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Leprosy-Induced Hip Arthritis: A Rare Case Report


Leprosy-Induced Hip Arthritis: A Rare Case Report

[box type=”bio”] Learning Point of the Article: [/box]

Leprosy disease may involve large joints also like hip joint and therefore staged total hip arthroplasty can be considered as a treatment option.

Case Report | Volume 10 | Issue 3 | JOCR May – June 2020 | Page 71-75 | Romit Agrawal, Vijay Singh, Ayush Sharma, Nilesh Mangale. DOI: 10.13107/jocr.2020.v10.i03.1756

Authors: Romit Agrawal[1], Vijay Singh[1], Ayush Sharma[1], Nilesh Mangale[1]

[1]Department of Orthopaedic Surgery, Dr. B.R Ambedkar Central Railway Hospital, Byculla, Mumbai, Maharashtra, India.

Address of Correspondence: 
Dr. Romit Agrawal,
Department of Orthopaedic Surgery, Dr. B.R Ambedkar Central Railway Hospital, Byculla, Mumbai, Maharashtra, India.


Introduction: Leprosy is a chronic granulomatous infection, classically presents with cutaneous and neurological manifestations. Joint involvement in leprosy can present as acute symmetrical or chronic polyarthritis with or without tenosynovitis resembling rheumatoidarthritis.
Case Report: We report a rare case of lepromatous hip arthritis in a 32-year-old male, known case of leprosytenosynovitis and symmetrical polyarthritis of hands and feet 3 weeks after appearance of typical cutaneous lesion. The patient was started on anti-leprosy and steroid treatment. After 9 months of treatment and recurrent exacerbation of symptoms, the patient developed bilateral hip pain. Hip pain was diagnosed as bilateral avascular necrosis hip on magnetic resonance imaging which progressed to the left hip arthritis later on. The patient underwent staged total hip arthroplasty (THA) for the left hip arthritis, with debridement and antibiotic spacer in the first stage and final hip prosthesis in the second stage.
Conclusions: Leprosy can present with large joint-like hip involvement including tenosynovitis and acutesymmetrical polyarthritis. Two-stage THA is an alternative treatment option for patients with advanced arthritis of the hip under some difficult conditions. The Harris hip score was increased from 35 preoperatively to 91.5 at the final follow-up.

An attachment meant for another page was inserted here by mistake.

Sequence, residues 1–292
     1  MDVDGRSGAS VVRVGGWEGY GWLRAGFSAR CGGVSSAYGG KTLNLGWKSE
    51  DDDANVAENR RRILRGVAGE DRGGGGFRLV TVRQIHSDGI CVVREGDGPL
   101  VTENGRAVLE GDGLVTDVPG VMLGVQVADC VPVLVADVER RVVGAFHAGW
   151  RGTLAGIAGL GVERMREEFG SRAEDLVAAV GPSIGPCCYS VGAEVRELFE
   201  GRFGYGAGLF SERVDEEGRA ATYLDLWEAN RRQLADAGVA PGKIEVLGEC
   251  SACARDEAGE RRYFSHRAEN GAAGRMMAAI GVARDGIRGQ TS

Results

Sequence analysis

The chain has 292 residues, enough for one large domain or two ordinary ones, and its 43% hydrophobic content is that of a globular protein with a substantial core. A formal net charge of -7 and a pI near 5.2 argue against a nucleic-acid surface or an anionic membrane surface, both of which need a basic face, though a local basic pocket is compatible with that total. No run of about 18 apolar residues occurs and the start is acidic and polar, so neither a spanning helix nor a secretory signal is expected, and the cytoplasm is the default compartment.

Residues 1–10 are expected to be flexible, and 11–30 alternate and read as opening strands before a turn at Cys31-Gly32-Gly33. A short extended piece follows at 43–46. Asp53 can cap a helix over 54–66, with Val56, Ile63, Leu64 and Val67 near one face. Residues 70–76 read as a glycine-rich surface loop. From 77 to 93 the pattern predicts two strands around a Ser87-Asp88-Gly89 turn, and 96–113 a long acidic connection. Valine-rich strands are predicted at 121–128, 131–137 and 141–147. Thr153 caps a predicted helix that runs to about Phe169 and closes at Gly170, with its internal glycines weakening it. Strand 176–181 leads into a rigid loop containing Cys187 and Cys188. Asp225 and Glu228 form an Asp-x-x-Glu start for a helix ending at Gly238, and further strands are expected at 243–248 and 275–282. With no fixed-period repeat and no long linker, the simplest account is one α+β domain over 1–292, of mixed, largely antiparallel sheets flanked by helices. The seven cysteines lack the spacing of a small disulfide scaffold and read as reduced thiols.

Keywords: Leprosy arthritis, Hip Arthroplasty in leprosy, articular involvement, Charcot’s arthropathy.

Leprosy is a chronic infectious disease caused by leprosy bacillus, which mainly damages the skin and peripheral nerves, and can also invade visceral and bone joints. Arthritis is a common feature of leprosy and contributes to disability. Direct invasion of joints and bones by mycobacteria may lead to a destructive arthritis in lepromatous disease. The infective process may involve few or many joints. In both, type 1 reaction of borderline case and the type 2 reaction of the lepromatous disease, intense inflammation may occur at sites of infection. The immunology of the reactions is different, but they may have same clinical features including a polyarthritis which may resemble rheumatoid disease [1]. We report such rare cases of hip arthritis secondarily to leprosy bacilli. To the best of our knowledge, this is the first case report of leprosy involving large joints.

Case Report